Ensemble Epomeo

String Trio

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CD Review- “Verbunkos” on Complete String Trios of Hans Gal and Hans Krasa

A review from Stefano Gulizia on the blog “Verbunkos”. Read the whole thing here.

Epomeo Play Krasa and Gal

 

It is hard to think of composers of perhaps insufficiently recognized importance in the chamber music canon such as Hans Gál and Hans Krása. And there could hardly be a more serendipitous alliance than for them to be performed by Kenneth Woods and his Ensemble Epomeo, featuring Caroline Chin at violin and David Yang at viola. Both in his musical writing and in his score reading, Woods is fiercely committed to ideals of clarity and transparency and the results are always exciting and often astonishing…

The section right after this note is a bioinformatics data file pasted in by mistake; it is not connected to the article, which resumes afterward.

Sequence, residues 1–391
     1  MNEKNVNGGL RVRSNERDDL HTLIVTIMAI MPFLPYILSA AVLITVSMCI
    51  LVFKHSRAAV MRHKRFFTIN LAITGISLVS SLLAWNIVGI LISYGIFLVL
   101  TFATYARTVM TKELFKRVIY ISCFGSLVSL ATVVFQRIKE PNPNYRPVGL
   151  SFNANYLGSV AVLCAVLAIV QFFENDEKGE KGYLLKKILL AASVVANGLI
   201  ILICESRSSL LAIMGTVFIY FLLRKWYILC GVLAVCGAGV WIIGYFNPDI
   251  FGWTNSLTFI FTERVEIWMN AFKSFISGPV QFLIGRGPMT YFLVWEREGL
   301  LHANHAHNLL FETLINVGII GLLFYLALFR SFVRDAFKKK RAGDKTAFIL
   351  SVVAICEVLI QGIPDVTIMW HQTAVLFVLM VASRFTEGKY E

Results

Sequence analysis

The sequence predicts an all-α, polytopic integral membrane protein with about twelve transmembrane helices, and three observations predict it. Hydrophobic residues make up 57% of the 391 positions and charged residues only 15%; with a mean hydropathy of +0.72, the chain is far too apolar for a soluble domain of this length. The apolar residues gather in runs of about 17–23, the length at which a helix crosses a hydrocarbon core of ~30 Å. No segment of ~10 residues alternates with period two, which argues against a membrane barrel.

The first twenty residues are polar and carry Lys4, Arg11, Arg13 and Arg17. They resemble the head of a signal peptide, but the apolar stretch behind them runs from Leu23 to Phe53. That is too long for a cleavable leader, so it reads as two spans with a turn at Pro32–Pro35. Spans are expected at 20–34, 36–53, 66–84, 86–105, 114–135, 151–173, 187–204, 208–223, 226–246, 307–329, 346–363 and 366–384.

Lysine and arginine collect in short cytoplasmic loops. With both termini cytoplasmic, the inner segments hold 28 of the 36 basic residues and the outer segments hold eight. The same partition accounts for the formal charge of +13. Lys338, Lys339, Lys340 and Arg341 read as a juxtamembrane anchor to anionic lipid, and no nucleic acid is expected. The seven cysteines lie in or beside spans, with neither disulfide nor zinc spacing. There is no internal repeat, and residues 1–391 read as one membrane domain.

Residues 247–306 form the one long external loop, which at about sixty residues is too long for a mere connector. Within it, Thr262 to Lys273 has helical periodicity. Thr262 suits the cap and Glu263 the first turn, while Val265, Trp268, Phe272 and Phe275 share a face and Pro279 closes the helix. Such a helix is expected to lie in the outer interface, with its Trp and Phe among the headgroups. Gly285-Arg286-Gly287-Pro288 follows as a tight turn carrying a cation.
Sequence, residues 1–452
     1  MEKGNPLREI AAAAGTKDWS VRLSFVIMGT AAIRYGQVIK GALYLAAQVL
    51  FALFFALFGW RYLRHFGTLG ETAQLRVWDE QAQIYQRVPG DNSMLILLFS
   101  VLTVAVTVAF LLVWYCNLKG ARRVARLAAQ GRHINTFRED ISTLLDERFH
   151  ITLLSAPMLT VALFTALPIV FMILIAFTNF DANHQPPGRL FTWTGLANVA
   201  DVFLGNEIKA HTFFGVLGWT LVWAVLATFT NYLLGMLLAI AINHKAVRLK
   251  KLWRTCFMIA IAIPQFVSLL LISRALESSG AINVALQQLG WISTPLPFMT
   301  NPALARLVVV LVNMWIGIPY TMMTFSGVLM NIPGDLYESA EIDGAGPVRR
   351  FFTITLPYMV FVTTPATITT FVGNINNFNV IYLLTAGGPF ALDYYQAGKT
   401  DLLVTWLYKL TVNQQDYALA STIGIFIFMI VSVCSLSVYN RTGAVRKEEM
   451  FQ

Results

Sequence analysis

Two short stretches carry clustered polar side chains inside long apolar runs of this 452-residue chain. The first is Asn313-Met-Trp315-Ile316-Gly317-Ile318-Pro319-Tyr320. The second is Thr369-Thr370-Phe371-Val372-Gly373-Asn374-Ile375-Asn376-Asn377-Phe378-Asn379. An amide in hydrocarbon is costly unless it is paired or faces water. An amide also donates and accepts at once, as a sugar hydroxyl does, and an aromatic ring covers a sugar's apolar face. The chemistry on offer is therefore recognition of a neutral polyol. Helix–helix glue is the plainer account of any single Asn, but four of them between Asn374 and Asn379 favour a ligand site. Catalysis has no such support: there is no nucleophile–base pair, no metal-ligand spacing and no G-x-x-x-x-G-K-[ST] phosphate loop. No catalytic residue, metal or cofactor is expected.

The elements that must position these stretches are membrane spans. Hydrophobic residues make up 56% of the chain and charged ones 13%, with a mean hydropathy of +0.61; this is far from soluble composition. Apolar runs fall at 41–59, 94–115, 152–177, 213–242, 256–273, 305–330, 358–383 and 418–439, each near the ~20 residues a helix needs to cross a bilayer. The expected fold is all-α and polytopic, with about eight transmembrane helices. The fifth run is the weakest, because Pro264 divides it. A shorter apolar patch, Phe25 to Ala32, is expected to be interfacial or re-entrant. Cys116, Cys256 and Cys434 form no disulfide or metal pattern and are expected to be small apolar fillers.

…The chamber music performed by Woods and his Ensemble Epomeo is an exemplary site for thinking together not only about the legacy of Hans Gál and Hans Krása, but also about the current state ofEntartete Musik as belonging to a time that is ‘out of joint’, for thinking about spectrality and for thinking about a future of small-sized orchestral music whose enlightenment is indissociably bound with the exemplarity and clarity of their execution and what they have to teach us. We might see Gál and Krása, then, as a sort of night watchman in ghostly gathering: they have come to tell us about the non-contemporaneity with itself of the living present, and to suggest, Hamlet-like, that time is off its hinges.

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Concert Review- ConcertoNet reviews Epomeo at Tenri

Critic Harry Rolnick chose Epomeo’s appearance at the Kyo-Shin-Arts series at the Tenri Cultural Centre over a trip to Carnegie Hall to hear Yo-Yo Ma. Did he make the right choice? Read the whole thing here.